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Arts Entertainments

Andre Braugher commanded the screen in roles big and small

I cannot think of the name Andre Braugher, who died Monday at age 61 after a brief illness, without putting an admiring adjective before it — the great Andre Braugher, the mighty Andre Braugher, the marvelous Andre Braugher, in capital letters, with fancy serifs as on an old theatrical poster.

Whatever sort of part he was playing, and he played all sorts, he commanded the screen — even when his characters might be far from commanding. For an actor who worked all the time, his appearance was somehow always an event.

And always a pleasure. He was lovely to look at — People magazine named him one of the world’s 50 most beautiful people in 1997 — and wonderful to hear. Distinctive and distinct, with a sharp edges and a warm body, his was a voice to get close to, to let slide across you.

Before there was David Simon and “The Wire,” there was “Homicide: Life on the Street,” that other great story of Baltimore cops and criminals created by Paul Attanasio from Simon’s journalism. Running from 1993 to 1999, it was the finest police procedural of the late 20th century and better than most everything since. Though it was an ensemble piece with an exceptionally strong cast, Braugher — who had eased into the genre as Telly Savalas’ sidekick in five “Kojack” TV movies — was inarguably its star. (That he won an Emmy as lead actor in a show without leads should tell you something.)

As Det. Frank Pembleton, upright, intense, intellectual, philosophical, confrontational, Jesuitical, “legendary” within the world of the show, he was the series’ gravitational center, a brilliant detective and a psychologically acute interrogator. Long scenes with a suspect in the “ Box” gave him plenty of room to stretch out, to play with tone and to talk. (When the writers gave the character a stroke at the end of the fourth season, which affected his speech, it made for good drama but less good Pembleton.) He made that show, which for some insufficiently good reason is currently impossible to see, unmissable.

Attacking lines rhythmically, often at high speed, sending packets of thought into the world, Braugher could make the most vernacular speech Shakespearean without sounding one whit less the product of Chicago’s West Side that he was; indeed, he had trained at Juilliard and across the years appeared onstage in “As You Like It,” “Measure for Measure,” “Twelfth Night” and “Coriolanus,” as Claudius in “Hamlet,” the lead in “Henry V” (for which he was awarded an Obie) and as Iago opposite Avery Brooks in a 1990 Black-on-Black 1990 production of “Othello.” (The Washington Post called him “supple.”)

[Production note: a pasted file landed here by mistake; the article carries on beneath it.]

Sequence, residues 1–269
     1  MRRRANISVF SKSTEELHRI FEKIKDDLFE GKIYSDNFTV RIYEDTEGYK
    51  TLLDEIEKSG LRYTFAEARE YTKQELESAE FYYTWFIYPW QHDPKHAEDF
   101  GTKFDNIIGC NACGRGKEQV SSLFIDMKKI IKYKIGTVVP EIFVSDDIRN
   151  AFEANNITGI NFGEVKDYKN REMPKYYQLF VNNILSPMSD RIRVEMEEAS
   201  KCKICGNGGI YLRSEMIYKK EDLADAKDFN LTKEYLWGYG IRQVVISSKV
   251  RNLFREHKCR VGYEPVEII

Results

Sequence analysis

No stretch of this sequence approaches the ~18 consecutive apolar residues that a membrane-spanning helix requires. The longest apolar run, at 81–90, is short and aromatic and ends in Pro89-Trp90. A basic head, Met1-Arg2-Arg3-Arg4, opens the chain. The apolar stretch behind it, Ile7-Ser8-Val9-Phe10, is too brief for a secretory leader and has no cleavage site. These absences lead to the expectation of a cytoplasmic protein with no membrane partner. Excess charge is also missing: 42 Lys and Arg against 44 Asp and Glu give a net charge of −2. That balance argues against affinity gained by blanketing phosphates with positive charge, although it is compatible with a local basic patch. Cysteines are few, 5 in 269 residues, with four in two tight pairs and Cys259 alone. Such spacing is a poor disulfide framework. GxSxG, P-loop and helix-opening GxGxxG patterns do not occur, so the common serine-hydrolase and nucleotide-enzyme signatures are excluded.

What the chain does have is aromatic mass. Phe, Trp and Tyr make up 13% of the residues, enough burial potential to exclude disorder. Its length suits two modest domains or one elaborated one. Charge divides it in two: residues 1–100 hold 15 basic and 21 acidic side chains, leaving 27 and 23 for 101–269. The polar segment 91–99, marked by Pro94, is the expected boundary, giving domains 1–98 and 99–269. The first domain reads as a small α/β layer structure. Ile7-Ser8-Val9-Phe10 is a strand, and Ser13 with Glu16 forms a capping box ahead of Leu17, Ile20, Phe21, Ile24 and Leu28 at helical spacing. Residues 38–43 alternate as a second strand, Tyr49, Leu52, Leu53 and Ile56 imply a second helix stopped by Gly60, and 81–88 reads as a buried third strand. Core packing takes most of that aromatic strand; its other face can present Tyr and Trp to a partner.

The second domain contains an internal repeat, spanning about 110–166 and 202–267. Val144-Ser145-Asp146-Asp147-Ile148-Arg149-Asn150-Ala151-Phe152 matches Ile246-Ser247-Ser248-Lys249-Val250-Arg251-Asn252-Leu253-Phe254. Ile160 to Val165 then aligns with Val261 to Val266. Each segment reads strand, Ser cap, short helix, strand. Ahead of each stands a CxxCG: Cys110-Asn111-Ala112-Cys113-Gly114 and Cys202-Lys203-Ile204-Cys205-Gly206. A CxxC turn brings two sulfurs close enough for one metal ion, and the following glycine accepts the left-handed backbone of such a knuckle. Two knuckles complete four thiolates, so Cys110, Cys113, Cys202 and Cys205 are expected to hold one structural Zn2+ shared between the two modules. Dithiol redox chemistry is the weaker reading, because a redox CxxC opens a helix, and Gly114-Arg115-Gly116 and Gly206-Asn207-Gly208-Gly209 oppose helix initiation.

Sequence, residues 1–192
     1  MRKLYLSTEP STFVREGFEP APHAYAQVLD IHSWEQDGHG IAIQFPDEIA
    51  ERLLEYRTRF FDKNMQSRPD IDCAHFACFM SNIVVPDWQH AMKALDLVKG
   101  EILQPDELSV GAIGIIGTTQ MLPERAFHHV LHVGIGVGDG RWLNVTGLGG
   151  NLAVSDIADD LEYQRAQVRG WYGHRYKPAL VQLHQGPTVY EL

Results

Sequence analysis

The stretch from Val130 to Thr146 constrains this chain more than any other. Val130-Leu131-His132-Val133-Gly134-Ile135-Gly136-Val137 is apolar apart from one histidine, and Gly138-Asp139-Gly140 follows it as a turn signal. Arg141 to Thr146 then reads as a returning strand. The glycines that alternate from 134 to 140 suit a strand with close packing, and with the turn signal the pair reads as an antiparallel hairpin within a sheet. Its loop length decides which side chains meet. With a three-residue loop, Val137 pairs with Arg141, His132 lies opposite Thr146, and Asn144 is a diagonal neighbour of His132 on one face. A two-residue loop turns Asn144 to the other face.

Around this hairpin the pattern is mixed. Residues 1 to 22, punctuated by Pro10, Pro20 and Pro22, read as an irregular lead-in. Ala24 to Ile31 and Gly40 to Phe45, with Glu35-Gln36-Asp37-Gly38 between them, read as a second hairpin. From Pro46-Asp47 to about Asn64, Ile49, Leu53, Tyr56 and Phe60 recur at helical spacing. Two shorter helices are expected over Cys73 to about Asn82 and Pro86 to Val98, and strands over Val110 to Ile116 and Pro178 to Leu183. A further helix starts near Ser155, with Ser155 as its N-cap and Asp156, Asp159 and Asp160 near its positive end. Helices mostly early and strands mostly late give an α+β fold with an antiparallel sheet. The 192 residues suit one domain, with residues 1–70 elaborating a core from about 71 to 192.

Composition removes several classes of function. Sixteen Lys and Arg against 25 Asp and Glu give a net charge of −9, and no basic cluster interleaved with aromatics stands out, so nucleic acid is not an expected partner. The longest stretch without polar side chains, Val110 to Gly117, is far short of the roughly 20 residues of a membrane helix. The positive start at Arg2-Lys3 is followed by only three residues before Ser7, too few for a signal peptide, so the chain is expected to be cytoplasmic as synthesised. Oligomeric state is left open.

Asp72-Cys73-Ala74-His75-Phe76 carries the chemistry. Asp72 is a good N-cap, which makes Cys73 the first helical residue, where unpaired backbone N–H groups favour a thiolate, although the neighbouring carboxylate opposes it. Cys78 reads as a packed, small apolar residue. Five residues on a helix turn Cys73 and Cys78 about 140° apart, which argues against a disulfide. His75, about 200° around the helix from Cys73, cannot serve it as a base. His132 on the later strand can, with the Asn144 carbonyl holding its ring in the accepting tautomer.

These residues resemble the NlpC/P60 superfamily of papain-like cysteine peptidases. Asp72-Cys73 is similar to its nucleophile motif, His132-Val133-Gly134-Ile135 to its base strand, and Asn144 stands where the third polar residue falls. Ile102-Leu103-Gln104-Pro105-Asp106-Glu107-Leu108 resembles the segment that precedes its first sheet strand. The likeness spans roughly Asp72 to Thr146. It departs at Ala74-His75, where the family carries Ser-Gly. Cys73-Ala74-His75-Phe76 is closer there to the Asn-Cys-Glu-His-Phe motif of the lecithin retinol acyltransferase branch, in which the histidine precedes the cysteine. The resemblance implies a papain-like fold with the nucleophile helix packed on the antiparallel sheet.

At the opposite end, though not the end, of Braugher’s suddenly abbreviated career came a policeman in a different key, and the role for which he might be currently best known, Capt. Raymond Holt across eight seasons of the workplace comedy police procedural “Brooklyn Nine-Nine.”

Amid a cast of eccentric characters written and played toward comic extremes, Holt — New York’s first gay, Black police captain — is the anchor, the rock, still center, and Braugher, his timing impeccable, is extremely funny underplaying straight, and as a straight man. He is delightful in his containment, and when he lets himself get (a little) loose now and again, the effect is doubly funny.

In between, there was notably a civilian role in the great and underappreciated “Men of a Certain Age,” a comedy drama with Ray Romano and Scott Bakula as three very different best friends facing life in their 40s. Where Braugher is often associated with characters of authority and self-possession, his Owen Thoreau Jr. is an anxious man, diabetic, a father of three, whose life has run into a rut, working as a car salesman for a demanding, demeaning father. Here he softens up and slows down, and we get to see him in a family context.

And lately, he joined “The Good Fight” in its final season as Ri’Chard Lane, a puckish, flamboyant, ostentatiously pious lawyer in bright suits and fancy eye wear who breezed into the offices of STR Laurie and started reordering the place.

And although he had come to that point in a career where one might expect him to appear in roles especially tailored to his gifts, it seemed very much an Andre Brauger role — which might be only to say that whatever role he played became, by virtue of the timbre of his instrument, the intelligence of his interpretations, the rhythms of a speech, an Andre Braugher role. Which is to say, in turn, sadly, that we will have no more Andre Braugher roles.

If there’s such a thing as a classical TV actor, one who imbues the medium with a formal rigor from part to part, who makes every thought clear and syllable sensible, Andre Braugher was that actor.


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